Weight Loss Home > Xenical

Xenical is a prescription drug used to both help people lose weight and keep weight gain from returning. It comes in capsule form and is taken with each fat-containing meal. Xenical works by inhibiting the action of enzymes that break down fat, thereby reducing fat absorption by the body. Side effects include gas, stomach pain, and an urgent need to have a bowel movement.

What Is Xenical?

Xenical® (orlistat) is a prescription weight loss medication. It is approved to help people lose weight and to prevent weight regain in people who have already lost weight.
(Click Xenical Uses for more information, including possible off-label uses.)

Who Makes Xenical?

It is made by Roche Pharmaceuticals.

How Does It Work?

Xenical works by decreasing the absorption of fat from your diet. The stomach and intestine have enzymes, called lipases, that break down fat into smaller molecules which are then absorbed from your digestive tract. Xenical binds to lipases and inhibits their activity, helping to decrease fat absorption. The medication does not have any effect on carbohydrates or protein.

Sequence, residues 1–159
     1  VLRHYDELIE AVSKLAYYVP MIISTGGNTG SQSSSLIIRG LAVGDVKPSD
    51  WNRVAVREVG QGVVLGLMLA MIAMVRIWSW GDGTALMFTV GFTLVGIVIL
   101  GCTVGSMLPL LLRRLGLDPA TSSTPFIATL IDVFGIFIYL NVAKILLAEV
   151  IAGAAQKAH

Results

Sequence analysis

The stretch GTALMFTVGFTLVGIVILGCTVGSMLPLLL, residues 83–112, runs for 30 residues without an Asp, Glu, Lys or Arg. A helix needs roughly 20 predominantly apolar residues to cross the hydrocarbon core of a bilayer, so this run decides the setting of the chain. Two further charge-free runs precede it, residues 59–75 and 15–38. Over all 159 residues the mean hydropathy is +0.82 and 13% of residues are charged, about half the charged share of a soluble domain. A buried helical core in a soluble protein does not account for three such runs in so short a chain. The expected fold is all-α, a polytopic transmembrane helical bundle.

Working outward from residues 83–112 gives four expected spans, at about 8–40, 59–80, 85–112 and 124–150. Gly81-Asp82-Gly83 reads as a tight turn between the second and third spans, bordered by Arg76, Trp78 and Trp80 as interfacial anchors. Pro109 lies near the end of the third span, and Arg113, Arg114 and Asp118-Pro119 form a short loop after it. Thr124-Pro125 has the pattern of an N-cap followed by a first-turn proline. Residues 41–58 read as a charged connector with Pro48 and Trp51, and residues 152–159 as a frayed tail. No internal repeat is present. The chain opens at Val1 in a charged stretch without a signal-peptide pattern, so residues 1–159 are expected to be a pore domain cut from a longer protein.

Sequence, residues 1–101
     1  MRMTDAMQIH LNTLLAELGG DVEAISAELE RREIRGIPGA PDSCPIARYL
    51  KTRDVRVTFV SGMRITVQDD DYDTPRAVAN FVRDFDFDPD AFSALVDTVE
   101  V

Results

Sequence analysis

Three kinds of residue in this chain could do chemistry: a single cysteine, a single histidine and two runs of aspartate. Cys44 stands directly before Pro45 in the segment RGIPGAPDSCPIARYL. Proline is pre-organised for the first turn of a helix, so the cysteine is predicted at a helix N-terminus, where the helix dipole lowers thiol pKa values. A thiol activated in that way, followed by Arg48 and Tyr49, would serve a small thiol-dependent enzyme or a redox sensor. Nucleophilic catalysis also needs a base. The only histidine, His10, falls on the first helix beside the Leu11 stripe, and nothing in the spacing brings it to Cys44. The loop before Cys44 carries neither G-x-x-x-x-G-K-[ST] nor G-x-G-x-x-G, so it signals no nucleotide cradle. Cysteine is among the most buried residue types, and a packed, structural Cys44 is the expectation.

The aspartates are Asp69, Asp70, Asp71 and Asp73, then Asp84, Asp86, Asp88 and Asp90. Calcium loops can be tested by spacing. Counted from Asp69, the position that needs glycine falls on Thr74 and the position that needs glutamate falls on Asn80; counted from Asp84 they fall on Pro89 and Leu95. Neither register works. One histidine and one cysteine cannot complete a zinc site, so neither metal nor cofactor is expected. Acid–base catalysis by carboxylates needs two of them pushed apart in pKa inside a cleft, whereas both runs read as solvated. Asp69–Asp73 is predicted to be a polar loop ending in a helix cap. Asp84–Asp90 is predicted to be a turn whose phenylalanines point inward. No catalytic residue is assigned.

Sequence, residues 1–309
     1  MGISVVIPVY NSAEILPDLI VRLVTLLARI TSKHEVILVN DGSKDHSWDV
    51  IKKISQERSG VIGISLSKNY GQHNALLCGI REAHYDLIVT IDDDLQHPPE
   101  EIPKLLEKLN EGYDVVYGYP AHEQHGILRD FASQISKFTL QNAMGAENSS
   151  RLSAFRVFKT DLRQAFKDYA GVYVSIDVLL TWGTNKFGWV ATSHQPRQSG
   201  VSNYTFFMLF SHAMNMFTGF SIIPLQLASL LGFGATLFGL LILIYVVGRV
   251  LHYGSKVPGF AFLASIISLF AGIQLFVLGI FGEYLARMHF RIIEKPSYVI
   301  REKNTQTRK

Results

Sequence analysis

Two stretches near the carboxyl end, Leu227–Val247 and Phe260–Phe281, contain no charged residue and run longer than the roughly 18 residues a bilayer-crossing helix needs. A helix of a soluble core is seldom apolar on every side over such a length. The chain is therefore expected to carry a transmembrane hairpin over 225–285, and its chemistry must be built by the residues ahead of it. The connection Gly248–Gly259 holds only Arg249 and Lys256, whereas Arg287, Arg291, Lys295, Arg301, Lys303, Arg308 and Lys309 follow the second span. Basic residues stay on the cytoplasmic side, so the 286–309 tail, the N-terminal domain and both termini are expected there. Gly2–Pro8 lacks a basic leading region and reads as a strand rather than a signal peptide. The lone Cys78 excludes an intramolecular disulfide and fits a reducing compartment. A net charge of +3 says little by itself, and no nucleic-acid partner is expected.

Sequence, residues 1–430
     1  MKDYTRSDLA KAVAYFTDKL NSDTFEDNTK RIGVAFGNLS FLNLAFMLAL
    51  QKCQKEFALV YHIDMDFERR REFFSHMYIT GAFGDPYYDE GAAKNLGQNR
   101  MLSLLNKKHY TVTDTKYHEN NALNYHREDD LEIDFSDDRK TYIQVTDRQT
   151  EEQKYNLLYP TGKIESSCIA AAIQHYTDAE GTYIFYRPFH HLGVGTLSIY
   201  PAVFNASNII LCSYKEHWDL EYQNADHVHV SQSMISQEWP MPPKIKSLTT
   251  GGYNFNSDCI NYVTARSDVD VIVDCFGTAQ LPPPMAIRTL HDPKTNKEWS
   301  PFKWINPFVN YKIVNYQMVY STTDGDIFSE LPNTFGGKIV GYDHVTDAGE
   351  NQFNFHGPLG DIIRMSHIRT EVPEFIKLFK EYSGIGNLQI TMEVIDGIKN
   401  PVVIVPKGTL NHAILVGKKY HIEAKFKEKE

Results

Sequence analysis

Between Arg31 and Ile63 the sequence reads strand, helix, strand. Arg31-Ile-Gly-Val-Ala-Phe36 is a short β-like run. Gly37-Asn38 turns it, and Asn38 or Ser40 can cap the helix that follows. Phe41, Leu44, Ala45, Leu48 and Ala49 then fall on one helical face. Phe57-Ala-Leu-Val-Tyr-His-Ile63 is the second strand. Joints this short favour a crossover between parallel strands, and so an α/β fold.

Effects of Xenical

Studies have shown that Xenical helps people lose weight. After six months of taking the drug while dieting, people lost an average of 12.4 pounds (compared to just 6.2 pounds for people who were just dieting). After a year, those taking it while dieting had lost a total of 13.4 pounds, on average (compared to 5.8 pounds for those just dieting). In addition, those taking it for a year experienced decreases in total cholesterol, LDL cholesterol ("bad" cholesterol), blood sugar, and blood pressure, while those not taking it increased all these factors.
In studies of Xenical in people with type 2 diabetes, the drug improved several measures of diabetes control, such as fasting glucose and hemoglobin A1c, and many people were able to reduce or discontinue their diabetes medications. Studies have also shown that the drug can help prevent type 2 diabetes in people with obesity.
Xenical has also been studied as an aid to help people who have already lost weight keep the weight off. In one study, 52 percent of people not taking it regained the weight they had lost, compared to just 26 percent of people who took the drug.
Written by/reviewed by:
Last reviewed by: Kristi Monson, PharmD;
Last updated/reviewed:
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